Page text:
Foreign travelers in Myanmar tend to follow predictable routes, as there are only a few places with hotels of a sufficient standard. A fixture on most itineraries is Inle Lake, which lies a 45-minute flight north of Yangon in Shan State, at an elevation of 2,900 feet. Fourteen miles long and in most places only a few feet deep, Inle is famous for its exquisite scenery and for the colorful Intha people, many of whom live in stilt villages built over the water.
In the 18th century, the Intha fled their homeland in southeast Myanmar to escape an invading Thai army, but the local Shan chief declined to give them land on which to settle, so they adopted their aquatic lifestyle instead. Today the Intha farm fabulously fertile floating gardens, which are attached to the lake floor by bamboo poles. They also fish using a specialized technique — as the margins of the lake are covered by reeds, they have adapted a distinctive style of rowing that involves standing on one leg at the stern of their boat and using the other leg to manipulate an oar. Standing enables the fishermen to see over the reeds and to spot fish (usually a local species of carp) in the clear, shallow water. These are then trapped in conical baskets. Each year during the Burmese month of Thadingyut (from September to October), during an 18-day festival based on the Phaung Daw Oo Pagoda, dozens of fishermen participate in leg-rowing races.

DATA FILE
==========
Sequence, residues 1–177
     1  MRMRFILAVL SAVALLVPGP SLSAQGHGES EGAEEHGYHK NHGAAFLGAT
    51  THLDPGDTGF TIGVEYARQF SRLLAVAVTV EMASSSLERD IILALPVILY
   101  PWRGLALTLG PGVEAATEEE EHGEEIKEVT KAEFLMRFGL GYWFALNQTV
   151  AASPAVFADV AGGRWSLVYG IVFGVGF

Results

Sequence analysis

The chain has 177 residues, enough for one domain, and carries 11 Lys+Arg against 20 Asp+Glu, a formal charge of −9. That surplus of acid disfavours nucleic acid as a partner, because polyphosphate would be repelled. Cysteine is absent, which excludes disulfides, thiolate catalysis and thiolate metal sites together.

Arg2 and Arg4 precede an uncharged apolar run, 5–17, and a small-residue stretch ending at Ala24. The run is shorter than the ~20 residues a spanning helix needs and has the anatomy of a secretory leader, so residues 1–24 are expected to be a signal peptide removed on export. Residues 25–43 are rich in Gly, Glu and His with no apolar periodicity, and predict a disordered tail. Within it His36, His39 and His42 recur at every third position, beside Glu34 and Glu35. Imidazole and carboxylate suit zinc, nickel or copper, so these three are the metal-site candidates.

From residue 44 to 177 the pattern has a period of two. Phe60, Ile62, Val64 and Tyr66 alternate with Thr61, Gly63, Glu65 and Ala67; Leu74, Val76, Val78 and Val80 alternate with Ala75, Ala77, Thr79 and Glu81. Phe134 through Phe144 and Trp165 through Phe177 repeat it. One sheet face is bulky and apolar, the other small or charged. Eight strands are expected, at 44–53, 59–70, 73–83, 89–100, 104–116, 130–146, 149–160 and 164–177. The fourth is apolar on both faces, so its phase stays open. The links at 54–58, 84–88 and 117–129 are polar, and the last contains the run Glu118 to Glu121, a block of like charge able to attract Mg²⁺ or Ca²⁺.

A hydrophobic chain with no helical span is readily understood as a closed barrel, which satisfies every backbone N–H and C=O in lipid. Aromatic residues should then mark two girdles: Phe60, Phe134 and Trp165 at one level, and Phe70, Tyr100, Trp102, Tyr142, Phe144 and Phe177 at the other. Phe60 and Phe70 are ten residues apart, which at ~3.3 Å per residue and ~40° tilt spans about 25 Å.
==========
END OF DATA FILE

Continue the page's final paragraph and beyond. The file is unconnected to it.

I did not have time to revisit Inle Lake on my recent trip. However, nearly all first-time visitors to Myanmar will spend two or three days there, taking boat trips or visiting silk-weaving factories. During high season (November to February) Inle can become rather touristy, but it is still sufficiently picturesque to merit a brief stay. Although there are no hotels that I recommend unequivocally, both the Inle Princess resort and the Aureum Palace will meet the needs of Harper members.